Tuesday, 22 May 2012

BIM Roundtable Think Tank Discussion at NLA

NLA, The Building Centre
Today I am taking part in a BIM Think Tank run by the NLA discussing "What does BIM mean for the private sector?".

The brief is that the discussions will be based around three topics as outlined below. As some last minute preparation I made some notes around these issues and thought I'd share them on the blog. If anyone has any opinions on these subjects feel free to add comments below.

1. How far are developers already investing in BIM and what challenges do they face to do so?
Many clients have now seen the benefits of BIM and are insisting on its use on projects. Over the last few years I have seen many examples of this through talking with some big clients and listening to presentations at conferences. A few quick examples below:
- Gatwick Airport - Read how "It was The BIM that won it" for HOK on the web. £1billion worth of work. It's no surprise that it's the client benefits post-delivery where the benefits are expected to be seen. The Engineering Manager from Gatwick Airport is quoted as saying "We have been investigating how BIM might add value to the business, and how the model might become used as part of the day-to-day operations of the airport".
- ASDA mandates BIM through its supply chain on all new superstores that it builds. It is currently looking at its existing building stock too and generating models whenever a store is renovated/altered.
- CIRCLE hospitals have managed to produce well designed, yet incredibly efficiently built hospitals through the use of BIM and "BuildOffSite" principles. In their case studies they quote figures. £3.4K/m2 and duration of 74 weeks for first hospital. £2.5K/m2 and 67 weeks for second hospital - they believe this can come down to £2.0K/m2 and 50 weeks. Bryden Wood are now working with MoJ taking these best-in-class processes from the leading edge of the private sector into the public sector.
The Building Centre
2. What contribution does and can BIM make to meeting sustainability targets and efficiencies in practice?
Too much information behind BIM is in (a) people's heads and (b) bespoke databases. This information needs to be standardised and made available to the wider industry. BIM should allow this.
For new builds, BIM objects representing the main elements of the building should have configurable materials, and it should be possible to configure these materials based on expert financial and environmental cost guidance. This is one challenge we have set about trying to solve at NBS.
Where nationally maintained objects are used, these can be pre-populated with key cost information such as financial CapEx and OpEx, embodied carbon, water footprint, carbon in use and more general design guidance.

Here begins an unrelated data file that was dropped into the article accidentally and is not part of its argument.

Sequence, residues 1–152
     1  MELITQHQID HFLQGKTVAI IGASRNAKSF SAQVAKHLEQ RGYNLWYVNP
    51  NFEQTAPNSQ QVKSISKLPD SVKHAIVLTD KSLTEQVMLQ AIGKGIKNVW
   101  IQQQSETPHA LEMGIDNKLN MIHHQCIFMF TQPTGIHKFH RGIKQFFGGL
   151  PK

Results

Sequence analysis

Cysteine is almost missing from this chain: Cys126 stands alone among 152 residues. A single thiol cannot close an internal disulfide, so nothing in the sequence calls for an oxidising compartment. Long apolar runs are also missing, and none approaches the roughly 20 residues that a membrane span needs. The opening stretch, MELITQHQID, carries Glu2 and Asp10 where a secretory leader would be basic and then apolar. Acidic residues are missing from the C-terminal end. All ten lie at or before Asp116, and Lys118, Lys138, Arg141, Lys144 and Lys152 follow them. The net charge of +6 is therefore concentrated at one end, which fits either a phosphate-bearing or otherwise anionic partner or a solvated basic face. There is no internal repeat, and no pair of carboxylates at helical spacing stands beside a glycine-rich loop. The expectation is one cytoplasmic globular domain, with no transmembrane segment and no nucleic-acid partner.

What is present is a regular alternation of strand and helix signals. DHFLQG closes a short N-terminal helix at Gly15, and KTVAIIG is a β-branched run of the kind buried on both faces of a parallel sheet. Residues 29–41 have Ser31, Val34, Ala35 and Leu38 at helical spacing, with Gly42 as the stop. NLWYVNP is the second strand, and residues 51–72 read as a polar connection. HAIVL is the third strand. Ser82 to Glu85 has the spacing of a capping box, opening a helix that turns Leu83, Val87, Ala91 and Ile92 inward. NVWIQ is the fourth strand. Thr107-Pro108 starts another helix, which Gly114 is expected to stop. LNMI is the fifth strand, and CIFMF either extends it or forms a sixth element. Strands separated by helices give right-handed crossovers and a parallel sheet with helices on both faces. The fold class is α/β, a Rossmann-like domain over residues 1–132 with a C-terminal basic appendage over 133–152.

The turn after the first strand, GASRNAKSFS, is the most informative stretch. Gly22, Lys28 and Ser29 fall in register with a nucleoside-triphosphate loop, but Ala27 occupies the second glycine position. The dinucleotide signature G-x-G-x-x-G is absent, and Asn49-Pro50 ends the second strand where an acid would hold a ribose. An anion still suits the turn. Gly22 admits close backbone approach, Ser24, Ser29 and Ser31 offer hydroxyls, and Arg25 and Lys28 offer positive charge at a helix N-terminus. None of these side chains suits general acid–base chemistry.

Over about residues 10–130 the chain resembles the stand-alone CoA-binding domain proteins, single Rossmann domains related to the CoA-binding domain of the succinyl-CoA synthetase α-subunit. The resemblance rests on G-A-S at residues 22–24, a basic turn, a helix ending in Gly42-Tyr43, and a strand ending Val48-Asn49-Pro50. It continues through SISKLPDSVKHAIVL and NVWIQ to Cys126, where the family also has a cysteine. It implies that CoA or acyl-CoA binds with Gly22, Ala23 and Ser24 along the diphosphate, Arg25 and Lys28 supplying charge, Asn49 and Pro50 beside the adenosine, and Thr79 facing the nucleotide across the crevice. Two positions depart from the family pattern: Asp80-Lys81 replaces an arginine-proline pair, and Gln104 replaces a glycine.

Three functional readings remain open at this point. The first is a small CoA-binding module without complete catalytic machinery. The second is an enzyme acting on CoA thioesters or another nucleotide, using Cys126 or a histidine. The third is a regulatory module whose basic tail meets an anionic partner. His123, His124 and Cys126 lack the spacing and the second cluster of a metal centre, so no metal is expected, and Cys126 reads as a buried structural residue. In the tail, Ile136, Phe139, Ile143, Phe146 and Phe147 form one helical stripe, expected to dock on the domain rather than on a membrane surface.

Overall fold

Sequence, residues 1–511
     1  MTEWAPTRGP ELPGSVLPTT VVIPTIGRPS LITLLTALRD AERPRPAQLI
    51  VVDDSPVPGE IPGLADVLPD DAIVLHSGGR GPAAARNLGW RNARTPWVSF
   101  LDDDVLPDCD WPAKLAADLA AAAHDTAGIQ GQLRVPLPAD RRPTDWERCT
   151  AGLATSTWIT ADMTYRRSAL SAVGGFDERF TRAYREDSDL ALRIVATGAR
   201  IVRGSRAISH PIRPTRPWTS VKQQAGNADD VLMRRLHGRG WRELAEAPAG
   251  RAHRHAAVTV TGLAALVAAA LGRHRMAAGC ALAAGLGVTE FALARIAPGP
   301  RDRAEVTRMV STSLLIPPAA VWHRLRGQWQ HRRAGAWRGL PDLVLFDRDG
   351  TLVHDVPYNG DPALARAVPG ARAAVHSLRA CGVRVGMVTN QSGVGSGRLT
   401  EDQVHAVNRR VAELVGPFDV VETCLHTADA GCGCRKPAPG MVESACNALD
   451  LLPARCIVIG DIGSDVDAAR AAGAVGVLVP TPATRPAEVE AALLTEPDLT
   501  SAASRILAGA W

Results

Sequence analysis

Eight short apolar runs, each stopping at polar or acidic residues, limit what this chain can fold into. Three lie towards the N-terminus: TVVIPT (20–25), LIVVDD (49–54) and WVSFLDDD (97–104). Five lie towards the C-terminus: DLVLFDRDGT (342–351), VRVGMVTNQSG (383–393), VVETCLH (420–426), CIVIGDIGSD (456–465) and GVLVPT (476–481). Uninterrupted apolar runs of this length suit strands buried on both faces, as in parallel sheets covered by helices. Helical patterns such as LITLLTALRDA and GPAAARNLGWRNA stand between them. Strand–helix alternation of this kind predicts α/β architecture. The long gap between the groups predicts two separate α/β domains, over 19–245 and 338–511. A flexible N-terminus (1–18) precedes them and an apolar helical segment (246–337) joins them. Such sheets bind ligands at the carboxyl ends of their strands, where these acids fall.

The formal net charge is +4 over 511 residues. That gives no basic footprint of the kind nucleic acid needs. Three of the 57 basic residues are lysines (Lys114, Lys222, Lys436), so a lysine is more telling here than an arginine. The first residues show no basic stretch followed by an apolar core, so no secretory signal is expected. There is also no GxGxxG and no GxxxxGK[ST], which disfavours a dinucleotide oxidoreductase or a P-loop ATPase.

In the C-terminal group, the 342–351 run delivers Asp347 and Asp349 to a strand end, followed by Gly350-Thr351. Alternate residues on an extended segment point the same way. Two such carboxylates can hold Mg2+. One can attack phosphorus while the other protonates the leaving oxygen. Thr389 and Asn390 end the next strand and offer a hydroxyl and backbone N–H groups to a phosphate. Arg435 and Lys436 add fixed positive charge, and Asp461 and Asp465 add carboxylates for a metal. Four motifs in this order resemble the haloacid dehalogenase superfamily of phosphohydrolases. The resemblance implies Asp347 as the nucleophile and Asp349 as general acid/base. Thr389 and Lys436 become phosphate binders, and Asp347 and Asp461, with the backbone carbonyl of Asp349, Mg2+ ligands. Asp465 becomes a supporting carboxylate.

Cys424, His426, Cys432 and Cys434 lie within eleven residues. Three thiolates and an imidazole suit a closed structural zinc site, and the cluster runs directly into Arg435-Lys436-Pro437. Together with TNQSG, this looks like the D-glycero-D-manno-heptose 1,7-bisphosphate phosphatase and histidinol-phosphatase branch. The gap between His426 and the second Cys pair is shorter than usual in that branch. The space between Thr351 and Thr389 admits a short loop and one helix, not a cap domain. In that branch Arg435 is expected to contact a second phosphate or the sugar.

Where a building type is going to be built again and again. It should be possible to componentise this in the most efficient way possible to hit the financial and environmental challenges. A good example of this is with the _SpaceHus project - Space Group have a sustainable home design (level 4 to level 6) than can be built from 19 builtoffsite modules and put together to produce an affordable home that can be run with energy costs of £10 a week.
I think there is also a duty for the whole construction industry to feed information from what the have learned back into a national "central online pot". If structured correctly, the whole industry will benefit from collaboration on "lessons learned". You put in a little, but get back out a lot. Manufacturers can also help here by more publicly publishing their information so informed decisions can be made.
Building Centre model of London - now with Shard
3. How far can lessons from public sector projects be applied to the private sector?
River Thames looking West
I'd take this back one step and suggest that firstly the public sector must learn from the leading edge of the private sector. See the CIRCLE hospitals example previously mentioned. It is then the duty of the central government to learn from the best to make best use of the public finances. This information learned should then be fed back to the public sector so that the whole industry benefits.
In fairness to the UK Government it appears that this is exactly what they are doing.

The UK BIM Task Group is using a carrot and stick method (or push and pull as they prefer to call it). The carrot is the improved training, support with standards, documentation of business benefits, case studies, regional BIM Hubs. The stick is the fact that if you're in the central government supply chain and you don't use BIM, then in a few years time, you don't get on the projects. And this is completely fair, as a client, if you are spending the money then you can demand what you want for your money.

As a result of this, we will see two things
1. Better value for money for the tax payer
2. A UK construction industry that are world-leaders

Update: (following the event) A super session. A nice spread of clients, engineers and architects in the room and great to have a conversation around the big issues. A full write up will be available from the BIM area of our website in a few weeks. Chatham House Rules applied, so I'll not write up my notes - the official write up will follow.

No comments:

Post a Comment